Yesterday, the Supreme Court set aside the orders of Central Vigilance Commission(CVC) & Department of Personnel & Training(DoPT) which divested Alok Verma of the powers of CBI Director.
The Court rejected the defence of the Attorney General that action against Verma was mere divestment of charges, and hence it did not amount to 'transfer' so as to require the consent of the High Powered Committee. 'Transfer' cannot be given a restrictive meaning as in service jurisprudence, the Court observed. The Court held :
"If the word "transferred" has to be understood in its ordinary parlance and limited to a change from one post to another, as the word would normally convey and on that basis the requirement of "previous consent of the Committee" is understood to be only in such cases, i.e. purely of transfer, such an interpretation would be self-defeating and would clearly negate the legislative intent. In such an event it will be free for the State Authority to effectively disengage the Director, CBI from functioning by adopting various modes, known and unknown, which may not amount to transfer but would still have the same effect as a transfer from one post to another, namely, cessation of exercise of powers and functions of the earlier post".
On this premise, the Court held that the action against Verma required the sanction of High Powered Committee under Section 4(1) of the DSPE Act, which consists of the Prime Minister, Chief Justice of India or his nominee judge and the Leader of Opposition.
The court reinstated Verma as Director and directed the statutory committee to consider the matter again within a week's time. Till then, Verma has been restrained from taking any major policy decisions, except overseeing the day to day functioning of the agency.
Though the judgment is widely seen as a blow to the hasty, high-handed action by the Centre, one question arises : does it ensure substantive justice to Verma?
A look at the time-line of the case will be pertinent :
It appears that the initial sense of urgency shown by Court fizzled out somewhere in between.
The Court chose to refrain from examining the sufficiency of reasons for the action against Verma. The 44 page judgment, delivered almost a month after judgment was reserved, is on the narrow point whether the action against Verma amounted to 'transfer', which requires prior consent of the Committee(The judicial discussion starts from page 32 onwards, with the previous pages narrating the contentions of counsel). While answering the issue in the affirmative, the Court also held that the issue of divestment was still open to be examined by the Committee, and accordingly directed it to examine the matter within a week. Till then, Verma has been restrained from taking major policy decisions.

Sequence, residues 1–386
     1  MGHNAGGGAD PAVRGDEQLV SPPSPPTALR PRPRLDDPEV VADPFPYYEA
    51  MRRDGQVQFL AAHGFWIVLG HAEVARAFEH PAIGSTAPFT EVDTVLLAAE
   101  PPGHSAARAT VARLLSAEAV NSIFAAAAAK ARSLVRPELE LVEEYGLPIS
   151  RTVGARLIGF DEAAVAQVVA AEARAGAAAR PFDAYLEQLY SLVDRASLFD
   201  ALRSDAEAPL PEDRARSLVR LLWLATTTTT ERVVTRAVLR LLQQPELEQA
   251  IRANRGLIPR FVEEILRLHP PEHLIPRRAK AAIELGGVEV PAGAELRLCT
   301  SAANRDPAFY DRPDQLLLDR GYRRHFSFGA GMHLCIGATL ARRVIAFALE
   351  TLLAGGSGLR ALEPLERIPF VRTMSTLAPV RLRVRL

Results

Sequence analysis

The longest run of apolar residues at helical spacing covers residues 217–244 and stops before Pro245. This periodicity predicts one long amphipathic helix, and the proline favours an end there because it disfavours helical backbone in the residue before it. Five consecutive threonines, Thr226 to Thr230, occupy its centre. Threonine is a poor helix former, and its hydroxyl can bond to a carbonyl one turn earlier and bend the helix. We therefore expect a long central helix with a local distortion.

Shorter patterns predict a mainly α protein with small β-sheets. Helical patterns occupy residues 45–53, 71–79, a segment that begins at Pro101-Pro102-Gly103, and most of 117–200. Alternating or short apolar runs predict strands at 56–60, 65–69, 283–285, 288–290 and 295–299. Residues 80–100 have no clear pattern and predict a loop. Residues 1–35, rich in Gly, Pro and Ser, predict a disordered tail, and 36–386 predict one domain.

The PIL filed by Common Cause, which sought for an SIT probe into the circumstances leading to the ouster of Verma, was jointly considered by the SC. The PIL had alleged that Verma's was removed to prevent him from investigating sensitive cases. It alleged that Verma was handling investigation of "sensitive" cases and that he was "being victimised for taking action against Mr. Rakesh Asthana, a Gujarat cadre officer and also for entertaining complaint against the top functionaries of the present government"
Without addressing the issues raised by the PIL, it was also disposed of along with Verma's petition by a common judgment.
Verma, who was appointed CBI director on January 20, 2017, will retire on January 19, on expiry of his statutory term.
So, even if the Committee approves his continuation, Verma will have very few days to function as CBI Director!
If the Committee finds that there are no reasons to keep Verma out of charge, will he get any extension of term by the period lost to him by the illegal order passed on October 23? There is no indication in the judgment on this point.
The October 23 orders against Verma were found to be against the spirit of the DSPE Act and the Vineet Narain Judgment, which is to insulate the CBI Director from external influence and to ensure the independent functioning of the agency.
Despite the elaborate judicial exercise, the powers that wanted Verma to remain out of charge are still having their way.
So, who is having the last laugh?